Composer Nokuthula Ngwenyama's "Miasma" for Solo Violin
The world premiere was performed by violinist Bella Hristova, on March 23, 2021 at Indiana Landmarks Center
Nokuthula Ngwenyama recently talked with The Violin Channel about her new work.
The piece was recorded as part of the International Violin Competition of Indianapolis (IVCI) Laureates Series.
"Bella Hristova and Covid-19 are my inspiration behind the work," Nokuthula told The Violin Channel. "'Miasma' is a piece of its moment. Bella initially requested a solo violin work incorporating aspects of Bach and Ysaye for a multi-movement suite. While thinking about the interplay between these composers’ divinely brilliant and unbridled musical sensibilities, the world became enshrouded in the pandemic.
"Equally unknown and fearful to all, a global race was on to understand this very natural occurrence. During the early days of Covid-19, a vaccine seemed years away. But, human beings are intelligent. We have the power to learn, adapt and grow throughout our lives. And, if we all thought with intent about the same thing — finding a cure — I knew we could collectively do it.
"Dr. Sahin and Tureci, fittingly through their love and brilliance, pioneered mRNA vaccine technology with the Pfizer and Moderna vaccines, teaching our own bodies to recognize the spike protein of Covid-19 and defend against it. I hope 'Miasma' can serve as thanks to their efforts and those on our frontlines who continue to support all people affected by this illness.
"I’m grateful to Bella Hristova for asking me and sharing her vision of the piece! After watching her stunning performance of the first movement ‘Second String Force’ by Joan Tower, I was immediately inspired to write another movement. Many thanks to Young Concert Artists' ‘Keep the Artists Working Fund’ for supporting this work and collaboration.
"It was an experiential process over months. I tried to convey the flourishes of Ysaye while retaining some Bachian elegance in pacing. An opening line descends to deep dread (lowest note possible on the violin), then Covid-19 interrupts the mood.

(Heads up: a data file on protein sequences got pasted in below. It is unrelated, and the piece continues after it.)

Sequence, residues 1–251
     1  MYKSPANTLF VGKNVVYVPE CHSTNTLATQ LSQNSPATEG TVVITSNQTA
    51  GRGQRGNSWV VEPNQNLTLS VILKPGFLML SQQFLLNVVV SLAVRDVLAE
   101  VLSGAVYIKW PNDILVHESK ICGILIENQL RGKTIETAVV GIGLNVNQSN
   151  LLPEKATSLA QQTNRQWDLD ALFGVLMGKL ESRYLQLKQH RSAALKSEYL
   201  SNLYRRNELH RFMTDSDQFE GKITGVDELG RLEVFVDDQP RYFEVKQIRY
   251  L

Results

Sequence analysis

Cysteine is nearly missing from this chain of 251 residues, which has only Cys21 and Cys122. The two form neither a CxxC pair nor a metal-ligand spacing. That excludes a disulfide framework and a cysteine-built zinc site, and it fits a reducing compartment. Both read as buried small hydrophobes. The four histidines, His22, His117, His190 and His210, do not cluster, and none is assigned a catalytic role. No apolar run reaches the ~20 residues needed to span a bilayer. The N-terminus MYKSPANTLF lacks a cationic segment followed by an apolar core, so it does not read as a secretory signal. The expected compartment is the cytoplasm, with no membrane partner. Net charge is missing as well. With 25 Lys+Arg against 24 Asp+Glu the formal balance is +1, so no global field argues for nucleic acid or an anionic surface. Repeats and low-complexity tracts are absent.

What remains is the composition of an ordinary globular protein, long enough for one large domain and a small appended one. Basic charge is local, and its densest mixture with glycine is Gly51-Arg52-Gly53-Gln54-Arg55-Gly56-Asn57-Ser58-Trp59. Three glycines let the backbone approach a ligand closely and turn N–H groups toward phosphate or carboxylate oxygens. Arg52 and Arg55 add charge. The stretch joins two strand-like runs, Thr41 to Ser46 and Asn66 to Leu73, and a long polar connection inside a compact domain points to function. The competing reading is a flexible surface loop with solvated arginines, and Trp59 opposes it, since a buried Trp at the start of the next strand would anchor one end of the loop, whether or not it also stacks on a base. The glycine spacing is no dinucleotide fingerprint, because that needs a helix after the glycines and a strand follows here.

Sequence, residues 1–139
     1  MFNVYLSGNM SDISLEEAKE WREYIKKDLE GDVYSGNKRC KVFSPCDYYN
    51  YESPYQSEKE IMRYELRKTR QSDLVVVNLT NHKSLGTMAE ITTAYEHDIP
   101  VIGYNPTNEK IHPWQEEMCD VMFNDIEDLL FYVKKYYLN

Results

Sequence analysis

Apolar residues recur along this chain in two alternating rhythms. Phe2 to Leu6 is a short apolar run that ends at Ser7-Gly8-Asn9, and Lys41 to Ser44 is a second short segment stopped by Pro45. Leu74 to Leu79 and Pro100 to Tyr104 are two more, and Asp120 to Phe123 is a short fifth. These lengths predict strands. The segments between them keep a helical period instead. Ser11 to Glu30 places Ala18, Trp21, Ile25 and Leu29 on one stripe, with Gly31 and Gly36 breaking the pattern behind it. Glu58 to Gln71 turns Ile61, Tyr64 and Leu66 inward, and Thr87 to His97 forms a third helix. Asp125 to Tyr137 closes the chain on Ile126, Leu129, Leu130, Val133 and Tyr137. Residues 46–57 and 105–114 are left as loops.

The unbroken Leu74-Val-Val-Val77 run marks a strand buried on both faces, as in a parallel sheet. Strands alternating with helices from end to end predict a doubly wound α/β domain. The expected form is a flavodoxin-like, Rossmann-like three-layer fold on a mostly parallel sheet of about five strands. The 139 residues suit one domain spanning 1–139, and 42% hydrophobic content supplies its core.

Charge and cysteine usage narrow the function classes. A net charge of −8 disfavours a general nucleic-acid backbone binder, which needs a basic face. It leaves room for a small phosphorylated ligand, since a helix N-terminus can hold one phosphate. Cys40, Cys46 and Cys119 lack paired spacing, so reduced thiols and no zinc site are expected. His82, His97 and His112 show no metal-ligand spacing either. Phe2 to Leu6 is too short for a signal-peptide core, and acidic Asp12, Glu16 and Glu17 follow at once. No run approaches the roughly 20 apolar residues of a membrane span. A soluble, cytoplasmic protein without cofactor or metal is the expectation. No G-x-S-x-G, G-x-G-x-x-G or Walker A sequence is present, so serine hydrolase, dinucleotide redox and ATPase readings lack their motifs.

"While researching, I discovered its first partial sequence as reported in Carl Zimmer’s New York Times article ‘Coronavirus Unveiled’ (10/9/20). The virus folded on itself, was pliable and tenacious, frightening yet fascinating. I then consulted with friend and geneticist Dr. Christopher Biggs, who introduced me to the field of protein music. After listening to the hauntingly beautiful ‘Sounds of HIV’ by Alexandra Pajak, I knew this was not a novel approach. I wrote down the bioRxiv sequences to keep closer track of these patterns and allow faster transcription into the score.
"Much of the early transcription process was done at the Biggs Farm in Verde Valley, AZ. Anything from the code is bracketed in the score, so the performer knows when they’re playing virus and when they’re not. It was especially fun consulting with Bella, sending articles, and discussing its direction at every turn. The work followed our lived experience. I would still be adding variants if Bella had not scheduled its premiere on the March 23, 2021 Duo Recital with Juliette Kang for the International Violin Competition of Indianapolis Laureate Series. 'Miasma' ends, like the virus, with a poly-A tail drifting into obscurity.
"I hope it helps us process and understand this experience we have collectively endured."
BELLA HRISTOVA | NOKUTHULA NGWENYAMA | "MIASMA" | 2021